My Dead-Cell Neighborhood. How’s Yours?


It’s no secret that AT&T’s 3G service has been a disappointment for many iPhone 3G users. During conferences like CES, SXSW and WWDC, the crowds of iPhone users have overwhelmed the network. While it’s certainly inconvenient to not be able make calls or fetch emails while at a conference, I’m more disappointed in the lack of decent reception that’s become a daily issue for me. I live in the middle of San Francisco, a city that has an incredibly high concentration of iPhones and several people I’ve talked to are passing on the iPhone 3Gs because they don’t want to invest more money and not have the guarantee of being able to make or receive a call.

There’s not a day that goes by where I have a dropped call or someone complaining about poor call quality. I was on a call with a local PR company and when the lady on the other line couldn’t make out my words, she immediately asked if I was an AT&T subscriber. I often get voicemails after my iPhone fails to ring.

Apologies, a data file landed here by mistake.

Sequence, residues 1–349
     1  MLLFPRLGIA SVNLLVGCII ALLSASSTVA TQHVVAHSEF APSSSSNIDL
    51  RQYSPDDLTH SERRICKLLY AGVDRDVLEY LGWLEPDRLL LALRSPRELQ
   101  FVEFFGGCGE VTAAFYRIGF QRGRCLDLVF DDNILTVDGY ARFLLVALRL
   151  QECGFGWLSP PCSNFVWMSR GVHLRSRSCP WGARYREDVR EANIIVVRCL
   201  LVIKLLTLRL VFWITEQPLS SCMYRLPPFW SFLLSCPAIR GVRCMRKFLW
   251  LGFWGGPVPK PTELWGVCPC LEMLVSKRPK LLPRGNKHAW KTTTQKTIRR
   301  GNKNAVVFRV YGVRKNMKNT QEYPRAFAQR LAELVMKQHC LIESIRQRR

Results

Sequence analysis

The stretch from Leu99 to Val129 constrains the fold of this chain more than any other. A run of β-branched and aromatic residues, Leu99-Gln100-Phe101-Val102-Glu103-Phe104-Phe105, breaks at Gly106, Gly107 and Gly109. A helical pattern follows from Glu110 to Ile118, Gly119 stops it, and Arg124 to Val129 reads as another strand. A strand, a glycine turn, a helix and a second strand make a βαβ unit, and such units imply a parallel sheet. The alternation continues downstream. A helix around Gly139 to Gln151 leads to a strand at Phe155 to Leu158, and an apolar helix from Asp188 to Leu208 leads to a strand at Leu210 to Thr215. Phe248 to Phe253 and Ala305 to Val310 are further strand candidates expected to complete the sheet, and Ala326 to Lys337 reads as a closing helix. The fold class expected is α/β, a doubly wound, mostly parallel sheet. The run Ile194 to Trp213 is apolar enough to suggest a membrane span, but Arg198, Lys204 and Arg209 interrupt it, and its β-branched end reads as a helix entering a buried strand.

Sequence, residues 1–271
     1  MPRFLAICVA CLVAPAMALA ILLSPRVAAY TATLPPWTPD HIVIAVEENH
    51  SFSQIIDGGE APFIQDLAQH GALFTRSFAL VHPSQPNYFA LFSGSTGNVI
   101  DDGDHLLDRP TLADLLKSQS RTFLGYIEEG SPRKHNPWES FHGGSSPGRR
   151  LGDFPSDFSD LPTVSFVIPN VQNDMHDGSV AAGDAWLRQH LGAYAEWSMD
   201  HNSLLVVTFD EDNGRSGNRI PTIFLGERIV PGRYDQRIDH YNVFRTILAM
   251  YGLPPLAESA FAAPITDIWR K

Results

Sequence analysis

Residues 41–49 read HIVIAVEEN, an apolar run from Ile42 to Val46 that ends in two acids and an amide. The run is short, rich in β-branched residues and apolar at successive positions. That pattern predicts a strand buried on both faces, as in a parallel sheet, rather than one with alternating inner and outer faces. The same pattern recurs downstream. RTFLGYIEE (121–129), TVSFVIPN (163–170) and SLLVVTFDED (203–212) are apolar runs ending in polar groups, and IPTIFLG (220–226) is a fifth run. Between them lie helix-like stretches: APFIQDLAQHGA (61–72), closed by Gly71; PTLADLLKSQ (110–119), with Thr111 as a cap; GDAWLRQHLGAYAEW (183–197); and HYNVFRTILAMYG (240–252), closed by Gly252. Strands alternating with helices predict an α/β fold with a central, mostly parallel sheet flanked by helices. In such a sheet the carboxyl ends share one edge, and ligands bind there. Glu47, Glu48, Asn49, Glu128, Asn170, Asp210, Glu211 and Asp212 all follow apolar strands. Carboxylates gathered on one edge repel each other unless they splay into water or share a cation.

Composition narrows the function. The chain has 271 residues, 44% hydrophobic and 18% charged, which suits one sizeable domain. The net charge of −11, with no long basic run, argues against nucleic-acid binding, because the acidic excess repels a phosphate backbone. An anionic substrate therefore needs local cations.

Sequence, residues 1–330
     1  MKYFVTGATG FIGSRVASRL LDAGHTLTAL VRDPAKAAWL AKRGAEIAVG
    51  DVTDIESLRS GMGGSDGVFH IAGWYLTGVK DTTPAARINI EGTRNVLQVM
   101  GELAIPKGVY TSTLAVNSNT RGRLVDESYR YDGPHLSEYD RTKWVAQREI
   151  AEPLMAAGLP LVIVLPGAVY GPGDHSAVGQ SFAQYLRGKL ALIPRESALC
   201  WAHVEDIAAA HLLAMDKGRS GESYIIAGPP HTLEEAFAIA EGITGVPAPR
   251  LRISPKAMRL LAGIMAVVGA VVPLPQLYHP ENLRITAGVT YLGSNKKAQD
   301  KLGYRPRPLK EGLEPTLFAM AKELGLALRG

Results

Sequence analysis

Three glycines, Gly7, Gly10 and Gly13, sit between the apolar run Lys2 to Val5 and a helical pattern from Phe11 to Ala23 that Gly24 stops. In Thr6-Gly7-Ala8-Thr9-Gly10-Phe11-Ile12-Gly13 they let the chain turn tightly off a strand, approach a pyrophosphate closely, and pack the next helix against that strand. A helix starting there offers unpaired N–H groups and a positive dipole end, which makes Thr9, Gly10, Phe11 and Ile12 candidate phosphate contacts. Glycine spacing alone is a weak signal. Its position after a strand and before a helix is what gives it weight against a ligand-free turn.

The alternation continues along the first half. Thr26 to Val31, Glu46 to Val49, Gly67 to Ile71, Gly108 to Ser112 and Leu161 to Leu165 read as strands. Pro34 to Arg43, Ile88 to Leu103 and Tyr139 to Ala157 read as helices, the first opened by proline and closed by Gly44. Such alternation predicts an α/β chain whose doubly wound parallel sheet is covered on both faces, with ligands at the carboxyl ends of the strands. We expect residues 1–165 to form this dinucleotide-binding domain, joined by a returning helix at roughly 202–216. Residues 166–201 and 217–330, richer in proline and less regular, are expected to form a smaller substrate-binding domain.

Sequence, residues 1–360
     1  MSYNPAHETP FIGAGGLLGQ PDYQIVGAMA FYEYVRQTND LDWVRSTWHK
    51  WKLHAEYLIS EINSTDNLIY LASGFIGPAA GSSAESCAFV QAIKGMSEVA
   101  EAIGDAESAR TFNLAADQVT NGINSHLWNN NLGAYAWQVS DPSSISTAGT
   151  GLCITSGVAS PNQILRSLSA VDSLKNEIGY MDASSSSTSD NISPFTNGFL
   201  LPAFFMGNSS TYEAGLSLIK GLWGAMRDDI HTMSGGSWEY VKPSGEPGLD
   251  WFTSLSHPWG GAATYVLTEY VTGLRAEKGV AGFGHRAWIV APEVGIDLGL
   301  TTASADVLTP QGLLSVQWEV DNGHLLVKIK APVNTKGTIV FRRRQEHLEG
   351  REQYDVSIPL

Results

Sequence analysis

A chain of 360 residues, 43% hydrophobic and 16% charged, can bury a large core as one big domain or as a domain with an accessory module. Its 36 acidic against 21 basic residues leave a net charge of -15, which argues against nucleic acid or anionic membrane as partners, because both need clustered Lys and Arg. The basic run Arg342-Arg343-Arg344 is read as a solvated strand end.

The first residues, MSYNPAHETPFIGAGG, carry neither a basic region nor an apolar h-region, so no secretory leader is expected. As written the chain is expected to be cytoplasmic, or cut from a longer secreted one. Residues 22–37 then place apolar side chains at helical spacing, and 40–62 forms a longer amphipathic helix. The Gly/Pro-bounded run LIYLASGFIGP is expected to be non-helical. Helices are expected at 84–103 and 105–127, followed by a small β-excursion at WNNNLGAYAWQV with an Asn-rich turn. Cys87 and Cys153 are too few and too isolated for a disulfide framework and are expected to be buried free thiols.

I checked out and as you can see in this picture, I’m not the only one complaining about AT&T’s network quality in the neighborhood. This site lets mobile phone users map areas with poor phone reeption.   Comments like “little or no service” are peppered all over the map of San Francisco. How does your neighborhood look? Is it a dead zone, or are you happy with your wireless carrier?

In our home, AT&T’s service is wildly inconsistent. Once in a while I get a decent 3G signal, othertimes we’re completely blacked out. If I stand on my deck I can generally get a clear EDGE signal, but even that’s dicey at times. Sometimes the network favors one iPhone over the other. The other night my iPhone had clear reception, but my wife couldn’t dial out. I tried calling her iPhone from mine. Hers didn’t ring, but I could hear her voicemail message clearly.

I really enjoy using my iPhone 3G and want to buy the iPhone 3Gs, but I hate paying so much for a phone that doesn’t let me reach out and touch someone…